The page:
Adam Freeman, managing partner at digital marketing agency MediaVision, looks at how the pandemic has changed the way even the most old-school retailers are looking at e-commerce.
The pandemic may have been tough for many high street businesses, but it also accelerated positive change by forcing them to adopt e-commerce as a matter of survival.
Indeed, by investing in a digital model, legacy bricks and mortar businesses were able to both stay on the radar of jewellery shoppers and begin competing with native e-commerce players, who were several steps ahead by the time lockdown was imposed.
This has led to a levelling of the playing field over the last few years, largely thanks to investments in advanced search engine optimisation (SEO) and pay-per-click (PPC) marketing, as well as other digital investments, such as virtual try-ons, and remote shopping assistants.
It certainly matches business strategy with the ‘new normal’ for jewellery shopping – which CEO of Signet Jewelers, Virginia C Drosos, says now most often starts online, with 85% of her customers taking an omnichannel “connected journey”.
With the High Street open again and shopping habits a recalibrated mix between online and offline, what’s the next step in this digital evolution for legacy retailers, and how can the competition be taken one step further?
Well, organic search certainly remains the most cost-efficient strategy to take market share away from a competitor, yet to date that has always been reactive (onsite optimisation) and proactive (digital PR and onsite content).
It has also required retailers to look backwards for the insights to guide these marketing strategies, which risks missing new trends and behaviours. Although this works, it’s not as effective as it could be, particularly in today’s unpredictable markets, which can be impacted by a range of unforeseen trends, from fashion to inflationary pressures.
Thinking about SEO as a predictive tool, therefore, shifts things a gear; it means the SEO function is also there to spot those future trends so that a business can better prepare and earn high rankings later.
This sounds like something almost too good to be true, but the tech and the data have evolved, and today we have tools such as digital demand trackers that can help businesses anticipate consumer search behaviour, rather than optimising by reacting to past data or presumed trends.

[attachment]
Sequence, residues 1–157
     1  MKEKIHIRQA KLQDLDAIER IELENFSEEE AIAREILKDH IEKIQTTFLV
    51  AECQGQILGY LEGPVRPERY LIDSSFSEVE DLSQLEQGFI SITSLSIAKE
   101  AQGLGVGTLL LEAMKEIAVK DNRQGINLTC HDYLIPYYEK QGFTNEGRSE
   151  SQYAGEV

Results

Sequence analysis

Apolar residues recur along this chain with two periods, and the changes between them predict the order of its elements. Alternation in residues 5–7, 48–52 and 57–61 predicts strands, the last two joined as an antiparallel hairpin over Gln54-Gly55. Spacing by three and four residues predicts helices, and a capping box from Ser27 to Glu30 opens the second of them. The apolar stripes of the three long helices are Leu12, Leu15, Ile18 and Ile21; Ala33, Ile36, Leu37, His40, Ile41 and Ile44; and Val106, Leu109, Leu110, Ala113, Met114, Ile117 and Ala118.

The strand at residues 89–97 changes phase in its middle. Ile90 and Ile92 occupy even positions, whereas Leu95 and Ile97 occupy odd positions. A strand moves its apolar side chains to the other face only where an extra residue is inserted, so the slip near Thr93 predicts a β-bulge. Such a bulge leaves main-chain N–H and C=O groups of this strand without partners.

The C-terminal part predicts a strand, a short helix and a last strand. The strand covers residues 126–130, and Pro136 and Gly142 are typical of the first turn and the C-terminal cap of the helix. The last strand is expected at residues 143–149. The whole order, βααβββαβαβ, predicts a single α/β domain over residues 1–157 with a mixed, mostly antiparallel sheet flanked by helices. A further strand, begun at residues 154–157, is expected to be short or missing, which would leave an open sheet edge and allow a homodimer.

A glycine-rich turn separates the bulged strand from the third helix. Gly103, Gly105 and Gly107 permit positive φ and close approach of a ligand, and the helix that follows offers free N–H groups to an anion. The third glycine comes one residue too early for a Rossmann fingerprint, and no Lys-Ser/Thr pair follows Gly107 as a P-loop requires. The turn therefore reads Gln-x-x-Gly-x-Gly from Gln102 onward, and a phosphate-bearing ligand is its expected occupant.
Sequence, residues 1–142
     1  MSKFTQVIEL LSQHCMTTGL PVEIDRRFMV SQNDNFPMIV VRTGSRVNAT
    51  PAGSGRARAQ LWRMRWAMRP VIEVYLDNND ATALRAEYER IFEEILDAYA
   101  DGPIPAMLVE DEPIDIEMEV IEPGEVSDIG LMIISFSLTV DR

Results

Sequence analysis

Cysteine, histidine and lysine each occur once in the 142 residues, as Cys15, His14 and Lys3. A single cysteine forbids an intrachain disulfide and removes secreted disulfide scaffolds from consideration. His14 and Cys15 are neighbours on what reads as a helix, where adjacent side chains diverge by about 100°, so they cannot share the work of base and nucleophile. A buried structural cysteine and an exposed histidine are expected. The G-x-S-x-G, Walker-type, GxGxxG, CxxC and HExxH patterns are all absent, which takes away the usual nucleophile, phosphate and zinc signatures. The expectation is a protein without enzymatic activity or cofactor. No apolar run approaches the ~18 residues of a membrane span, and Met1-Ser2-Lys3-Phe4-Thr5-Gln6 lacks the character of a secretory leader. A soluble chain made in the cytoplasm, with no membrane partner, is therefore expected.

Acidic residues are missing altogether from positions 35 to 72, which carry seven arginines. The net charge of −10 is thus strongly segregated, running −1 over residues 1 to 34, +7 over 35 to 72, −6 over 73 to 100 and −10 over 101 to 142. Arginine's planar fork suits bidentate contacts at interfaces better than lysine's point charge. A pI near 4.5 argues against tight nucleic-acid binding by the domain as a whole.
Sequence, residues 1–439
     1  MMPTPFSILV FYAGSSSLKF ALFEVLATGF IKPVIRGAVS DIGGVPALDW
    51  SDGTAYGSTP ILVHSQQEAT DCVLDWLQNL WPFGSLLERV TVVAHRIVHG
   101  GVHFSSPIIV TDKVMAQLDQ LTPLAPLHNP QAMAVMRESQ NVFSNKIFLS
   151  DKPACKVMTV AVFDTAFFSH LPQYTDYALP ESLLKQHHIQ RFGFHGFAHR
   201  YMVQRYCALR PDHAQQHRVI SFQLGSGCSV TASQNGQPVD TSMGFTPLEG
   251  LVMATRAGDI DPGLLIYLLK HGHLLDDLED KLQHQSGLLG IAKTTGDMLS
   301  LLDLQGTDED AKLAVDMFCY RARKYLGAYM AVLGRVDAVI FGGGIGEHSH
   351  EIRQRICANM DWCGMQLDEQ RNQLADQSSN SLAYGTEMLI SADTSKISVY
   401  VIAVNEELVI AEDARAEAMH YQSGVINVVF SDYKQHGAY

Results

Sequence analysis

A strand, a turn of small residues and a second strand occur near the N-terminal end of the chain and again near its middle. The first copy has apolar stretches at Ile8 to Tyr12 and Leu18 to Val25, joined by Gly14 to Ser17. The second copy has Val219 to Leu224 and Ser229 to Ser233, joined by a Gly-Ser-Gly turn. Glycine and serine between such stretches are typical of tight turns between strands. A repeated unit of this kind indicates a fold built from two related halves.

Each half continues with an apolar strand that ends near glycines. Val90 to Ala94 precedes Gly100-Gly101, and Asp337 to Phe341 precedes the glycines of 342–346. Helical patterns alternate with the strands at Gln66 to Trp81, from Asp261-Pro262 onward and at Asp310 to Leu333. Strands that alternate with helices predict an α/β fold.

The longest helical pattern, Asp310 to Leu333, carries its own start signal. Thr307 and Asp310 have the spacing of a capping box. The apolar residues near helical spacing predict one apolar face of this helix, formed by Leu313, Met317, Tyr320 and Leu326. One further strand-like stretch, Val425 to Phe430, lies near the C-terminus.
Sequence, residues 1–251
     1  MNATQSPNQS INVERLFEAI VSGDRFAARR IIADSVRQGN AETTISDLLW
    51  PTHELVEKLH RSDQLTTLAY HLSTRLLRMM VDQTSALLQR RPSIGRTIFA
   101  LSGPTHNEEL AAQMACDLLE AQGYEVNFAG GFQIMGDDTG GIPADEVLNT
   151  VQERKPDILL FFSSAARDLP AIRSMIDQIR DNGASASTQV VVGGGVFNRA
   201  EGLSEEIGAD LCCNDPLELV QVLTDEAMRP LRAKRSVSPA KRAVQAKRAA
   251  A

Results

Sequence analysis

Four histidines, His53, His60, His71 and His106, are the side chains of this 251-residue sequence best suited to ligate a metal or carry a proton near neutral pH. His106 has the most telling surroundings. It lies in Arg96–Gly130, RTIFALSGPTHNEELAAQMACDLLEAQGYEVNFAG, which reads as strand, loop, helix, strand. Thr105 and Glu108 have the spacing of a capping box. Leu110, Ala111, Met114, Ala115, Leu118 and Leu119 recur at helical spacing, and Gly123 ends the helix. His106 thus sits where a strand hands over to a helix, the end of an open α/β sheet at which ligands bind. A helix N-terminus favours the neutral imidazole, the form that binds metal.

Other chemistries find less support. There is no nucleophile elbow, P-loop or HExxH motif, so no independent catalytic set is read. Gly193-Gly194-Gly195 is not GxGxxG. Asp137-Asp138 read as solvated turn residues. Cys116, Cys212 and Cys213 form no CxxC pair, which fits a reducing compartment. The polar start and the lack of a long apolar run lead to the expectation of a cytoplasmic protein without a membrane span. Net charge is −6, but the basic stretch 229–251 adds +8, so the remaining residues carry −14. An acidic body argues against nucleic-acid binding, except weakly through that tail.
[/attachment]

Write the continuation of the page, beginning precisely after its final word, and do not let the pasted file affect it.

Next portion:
Gaining a competitive edge
‘Predictive SEO’ is especially useful because it enables any e-commerce business to maximise the benefits of the whole customer demand cycle; the early warnings, optimising sales and margins, scaling with demand, and building an integrated approach to SEO across an organisation and creating a new growth engine that ensures it is seen as key investment channel.
In short, it can be made to work much, much harder.
For example, annual trends from a buying point of view are notoriously tricky; what was successful last year might not be successful this year, or a new fashion trend could come out of nowhere and leave retailers without adequate stock. As a result, retailers need speed-to-insight to gain a competitive edge, and understanding demand and trends at a product level is therefore hugely useful.
A digital demand tracker assists by supplying search trend data that can be modelled to predict actual product demand. Furthermore, passing this data to buying teams allows them to not only understand what products need to be prepared, and details such as which materials or style; but also the volume they need to be purchased or prepared in.
It goes deeper
Search demand data has further uses; it can also be deployed to sculpt links to provide the right visibility of certain products on a retailer’s website; can ensure products are correctly named and in-line with what people are searching for; be used to tailor and optimise PPC ads; and it can help with content planning and production.
At every business touchpoint, incremental optimisations can be made, helping spread the value of predictive SEO throughout a retailer’s operations, and feeding back to boost organic rankings.
The difficult task, however, is tying this together – but the best way to start that process is by investing in digital skills, rethinking what SEO really means today, and how digital demand data should sit at the heart of such a proposition.
And rest assured that by doing so, traditional retailers will be futureproofed by having both a better performing online function, as well as a physical presence in the real world – a two-sided model that even the digital natives will soon find themselves keen to emulate.
Adam Freeman is managing partner at digital marketing agency MediaVision.